Pictured: Buster, doing like me in my college days and stealing wi-fi.

Despite the awkwardness of this initial meeting, the relationship between these 2 characters warms over time, and goes on to serve as the backbone of Coup De Cinema.

Following this, Miles has his first encounter with the film’s primary antagonist, the studio’s director Adrian.

Pictured: The wild-eyed control freak in all of his glory. No, I'm not talking about George Lucas.

Upon first meeting him, Miles is taken aback by Adrian’s manic intensity, but after a bizarre (and entirely one-sided) exchange; Miles gets the job.

Initially thrilled with his good fortune, Miles unfortunately makes the mistake of viewing some of Bourgeois Pictures previous films on his own time.

Shocked and despondent over the sheer craptacular-ness of Bourgeois’ track-record, Miles quickly becomes disillusioned with the studio and his future with it.

This of course leads to Miles arriving at the conclusion that, based on what he’s seen of the studio’s past efforts, as well as Adrian’s less than stellar conduct as a director; he could do better.

Thus sets in motion the “Coup” aspect of the film’s title, wherein Miles and Buster, with the aid of the crew and actors of “Marauders of the Door of Doom” AKA MOTDOD; attempt to rewrite, re-shoot, and re-edit the movie to a higher standard of quality under Miles’ direction.

The real difficulty (and indeed much of the fun) of this undertaking comes from the fact that in order for Miles’ coup to work, he and the crew must continue to perform their duties on Adrian’s production of MOTDOD, while keeping him and Rick unaware of their extracurricular filmmaking activities.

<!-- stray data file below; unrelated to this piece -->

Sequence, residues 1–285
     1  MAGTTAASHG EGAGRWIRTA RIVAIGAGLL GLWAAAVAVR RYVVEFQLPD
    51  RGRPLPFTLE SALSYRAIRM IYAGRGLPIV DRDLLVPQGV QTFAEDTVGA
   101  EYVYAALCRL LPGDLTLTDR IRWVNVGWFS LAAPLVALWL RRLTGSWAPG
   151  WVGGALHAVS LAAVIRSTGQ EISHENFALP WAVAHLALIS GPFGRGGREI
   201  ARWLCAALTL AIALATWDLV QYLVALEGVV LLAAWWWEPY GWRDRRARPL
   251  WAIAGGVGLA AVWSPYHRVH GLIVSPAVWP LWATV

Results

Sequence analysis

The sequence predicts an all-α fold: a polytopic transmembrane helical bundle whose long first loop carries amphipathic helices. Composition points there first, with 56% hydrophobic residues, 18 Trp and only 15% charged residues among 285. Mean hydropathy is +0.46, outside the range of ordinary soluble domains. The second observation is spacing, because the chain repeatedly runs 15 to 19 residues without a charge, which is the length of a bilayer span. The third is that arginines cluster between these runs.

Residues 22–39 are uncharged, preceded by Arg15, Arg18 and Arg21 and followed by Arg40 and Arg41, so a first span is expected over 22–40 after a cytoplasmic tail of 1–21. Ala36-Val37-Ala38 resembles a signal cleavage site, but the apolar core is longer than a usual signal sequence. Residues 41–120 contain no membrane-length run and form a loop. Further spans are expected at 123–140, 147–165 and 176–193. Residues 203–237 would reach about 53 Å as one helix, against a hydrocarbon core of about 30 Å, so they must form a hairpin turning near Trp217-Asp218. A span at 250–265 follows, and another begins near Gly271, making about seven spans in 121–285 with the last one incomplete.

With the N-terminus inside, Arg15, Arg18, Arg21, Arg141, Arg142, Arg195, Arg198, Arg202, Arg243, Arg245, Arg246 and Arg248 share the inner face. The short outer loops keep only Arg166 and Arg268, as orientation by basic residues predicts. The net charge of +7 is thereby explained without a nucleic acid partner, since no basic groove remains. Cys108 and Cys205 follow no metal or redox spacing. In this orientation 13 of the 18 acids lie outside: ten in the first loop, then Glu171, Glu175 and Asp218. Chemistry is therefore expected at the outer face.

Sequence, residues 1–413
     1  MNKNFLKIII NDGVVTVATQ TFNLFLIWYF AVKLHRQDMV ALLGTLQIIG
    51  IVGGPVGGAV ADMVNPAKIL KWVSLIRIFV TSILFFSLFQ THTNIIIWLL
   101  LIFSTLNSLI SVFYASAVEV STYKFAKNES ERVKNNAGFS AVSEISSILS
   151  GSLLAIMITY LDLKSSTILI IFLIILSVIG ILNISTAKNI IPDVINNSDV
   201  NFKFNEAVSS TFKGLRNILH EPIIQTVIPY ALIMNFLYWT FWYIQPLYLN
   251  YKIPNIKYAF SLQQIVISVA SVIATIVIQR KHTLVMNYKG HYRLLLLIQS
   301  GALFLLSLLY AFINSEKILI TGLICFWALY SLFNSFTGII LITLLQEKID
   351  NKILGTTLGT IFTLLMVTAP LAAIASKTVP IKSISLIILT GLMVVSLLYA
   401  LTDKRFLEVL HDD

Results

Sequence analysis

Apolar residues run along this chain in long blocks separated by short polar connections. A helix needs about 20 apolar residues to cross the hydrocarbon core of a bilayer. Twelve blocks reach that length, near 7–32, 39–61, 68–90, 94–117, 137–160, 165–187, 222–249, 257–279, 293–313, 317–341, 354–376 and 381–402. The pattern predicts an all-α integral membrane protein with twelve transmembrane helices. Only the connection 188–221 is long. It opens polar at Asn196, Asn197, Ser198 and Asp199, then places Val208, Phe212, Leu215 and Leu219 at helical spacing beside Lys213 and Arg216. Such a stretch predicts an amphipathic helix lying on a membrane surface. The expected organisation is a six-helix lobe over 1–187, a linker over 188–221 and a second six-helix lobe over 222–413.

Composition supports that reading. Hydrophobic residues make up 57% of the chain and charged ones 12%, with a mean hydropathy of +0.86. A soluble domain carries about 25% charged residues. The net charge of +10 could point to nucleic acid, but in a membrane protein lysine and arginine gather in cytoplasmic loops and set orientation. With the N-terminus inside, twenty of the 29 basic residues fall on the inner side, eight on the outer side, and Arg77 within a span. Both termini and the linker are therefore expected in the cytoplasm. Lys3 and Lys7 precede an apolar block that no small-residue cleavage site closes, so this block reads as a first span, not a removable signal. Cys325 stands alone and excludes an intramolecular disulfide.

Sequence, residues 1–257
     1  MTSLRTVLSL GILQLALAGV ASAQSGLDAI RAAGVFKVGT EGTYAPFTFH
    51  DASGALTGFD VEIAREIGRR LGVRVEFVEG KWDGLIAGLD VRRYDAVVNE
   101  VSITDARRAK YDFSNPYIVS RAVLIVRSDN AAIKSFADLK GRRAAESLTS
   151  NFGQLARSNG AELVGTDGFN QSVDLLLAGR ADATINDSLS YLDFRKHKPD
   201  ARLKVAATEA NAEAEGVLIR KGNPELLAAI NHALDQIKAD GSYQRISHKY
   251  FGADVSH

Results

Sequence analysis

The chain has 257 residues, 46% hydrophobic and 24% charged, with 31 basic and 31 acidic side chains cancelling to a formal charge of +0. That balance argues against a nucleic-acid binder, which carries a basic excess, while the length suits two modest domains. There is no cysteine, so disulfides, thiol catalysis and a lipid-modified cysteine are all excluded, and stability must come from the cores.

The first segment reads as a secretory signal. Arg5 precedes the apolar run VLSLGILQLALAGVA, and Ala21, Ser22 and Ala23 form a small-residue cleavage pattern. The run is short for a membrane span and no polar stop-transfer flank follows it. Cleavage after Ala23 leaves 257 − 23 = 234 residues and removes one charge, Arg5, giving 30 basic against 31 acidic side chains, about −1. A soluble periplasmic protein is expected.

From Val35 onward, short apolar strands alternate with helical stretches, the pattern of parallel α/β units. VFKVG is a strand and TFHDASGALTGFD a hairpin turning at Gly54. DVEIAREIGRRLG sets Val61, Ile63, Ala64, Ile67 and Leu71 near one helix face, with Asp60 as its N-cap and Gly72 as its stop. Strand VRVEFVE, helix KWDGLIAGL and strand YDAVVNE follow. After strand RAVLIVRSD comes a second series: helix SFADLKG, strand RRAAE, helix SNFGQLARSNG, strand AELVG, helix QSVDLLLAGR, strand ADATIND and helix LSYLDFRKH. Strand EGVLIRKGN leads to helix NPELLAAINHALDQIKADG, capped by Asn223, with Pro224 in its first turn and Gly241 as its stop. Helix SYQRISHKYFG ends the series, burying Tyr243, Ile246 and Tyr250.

What results is an irresistibly cute film that dips into a lot of moods and textures, but never fails to provide fun on some level.

From the careful attention to detail in lighting, angles, and depth of field, to the delightfully whimsical soundtrack, to the way a select few characters in the story are drawn and acted in broader strokes than others, Coup De Cinema is a film that oozes a cartoony and hyper-real charm.

The film has a wonderful energy and “casually fast” pace that feels organic, never labors or drags, yet isn’t afraid to kick it into high gear whenever the story dictates it.

Pictured: One of the more exciting scenes in the movie.

Aside from the central plot device of the actual coup, which is refreshingly clever both in premise and execution; I think the real selling point for the film is the characters.

The film has a rather large cast, which of course results in some characters receiving more screen time than others; but to it’s credit, I found myself able to distinguish and keep track of the players with little difficulty.

In that sense, you could say the film was well cast, not only due to the quality of performances; but by the simple fact that every actor was visually distinctive regardless.

On that note, Austin Hillebrecht’s turn as the leading man was quite enjoyable, with his bright-eyed enthusiasm and not-quite-confident, half-cocked smile going a long way towards making him a character worth following for an hour and a half.